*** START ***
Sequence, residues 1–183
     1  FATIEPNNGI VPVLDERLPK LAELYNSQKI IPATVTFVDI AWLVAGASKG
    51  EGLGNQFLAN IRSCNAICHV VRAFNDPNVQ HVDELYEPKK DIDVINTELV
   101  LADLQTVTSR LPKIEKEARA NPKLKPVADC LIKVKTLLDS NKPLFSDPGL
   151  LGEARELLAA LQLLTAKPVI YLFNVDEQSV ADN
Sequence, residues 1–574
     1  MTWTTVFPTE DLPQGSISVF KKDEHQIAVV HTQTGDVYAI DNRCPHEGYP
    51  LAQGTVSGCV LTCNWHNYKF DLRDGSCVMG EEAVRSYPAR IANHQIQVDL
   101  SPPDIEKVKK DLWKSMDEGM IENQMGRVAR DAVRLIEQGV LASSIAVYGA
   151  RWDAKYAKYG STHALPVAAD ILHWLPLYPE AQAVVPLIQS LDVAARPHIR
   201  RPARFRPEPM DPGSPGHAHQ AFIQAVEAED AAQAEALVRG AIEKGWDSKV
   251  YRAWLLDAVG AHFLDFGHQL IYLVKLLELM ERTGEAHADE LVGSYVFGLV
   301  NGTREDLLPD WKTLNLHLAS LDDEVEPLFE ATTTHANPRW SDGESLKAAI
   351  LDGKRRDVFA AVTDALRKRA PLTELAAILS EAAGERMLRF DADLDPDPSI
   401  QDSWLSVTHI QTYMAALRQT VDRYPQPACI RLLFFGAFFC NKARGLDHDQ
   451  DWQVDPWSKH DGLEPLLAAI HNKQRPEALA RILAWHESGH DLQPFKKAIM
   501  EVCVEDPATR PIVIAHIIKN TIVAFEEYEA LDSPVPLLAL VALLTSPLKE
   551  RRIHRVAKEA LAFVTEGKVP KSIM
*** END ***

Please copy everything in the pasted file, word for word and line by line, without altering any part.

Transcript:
Sequence, residues 1–183
     1  FATIEPNNGI VPVLDERLPK LAELYNSQKI IPATVTFVDI AWLVAGASKG
    51  EGLGNQFLAN IRSCNAICHV VRAFNDPNVQ HVDELYEPKK DIDVINTELV
   101  LADLQTVTSR LPKIEKEARA NPKLKPVADC LIKVKTLLDS NKPLFSDPGL
   151  LGEARELLAA LQLLTAKPVI YLFNVDEQSV ADN
Sequence, residues 1–574
     1  MTWTTVFPTE DLPQGSISVF KKDEHQIAVV HTQTGDVYAI DNRCPHEGYP
    51  LAQGTVSGCV LTCNWHNYKF DLRDGSCVMG EEAVRSYPAR IANHQIQVDL
   101  SPPDIEKVKK DLWKSMDEGM IENQMGRVAR DAVRLIEQGV LASSIAVYGA
   151  RWDAKYAKYG STHALPVAAD ILHWLPLYPE AQAVVPLIQS LDVAARPHIR
   201  RPARFRPEPM DPGSPGHAHQ AFIQAVEAED AAQAEALVRG AIEKGWDSKV
   251  YRAWLLDAVG AHFLDFGHQL IYLVKLLELM ERTGEAHADE LVGSYVFGLV
   301  NGTREDLLPD WKTLNLHLAS LDDEVEPLFE ATTTHANPRW SDGESLKAAI
   351  LDGKRRDVFA AVTDALRKRA PLTELAAILS EAAGERMLRF DADLDPDPSI
   401  QDSWLSVTHI QTYMAALRQT VDRYPQPACI RLLFFGAFFC NKARGLDHDQ
   451  DWQVDPWSKH DGLEPLLAAI HNKQRPEALA RILAWHESGH DLQPFKKAIM
   501  EVCVEDPATR PIVIAHIIKN TIVAFEEYEA LDSPVPLLAL VALLTSPLKE
   551  RRIHRVAKEA LAFVTEGKVP KSIM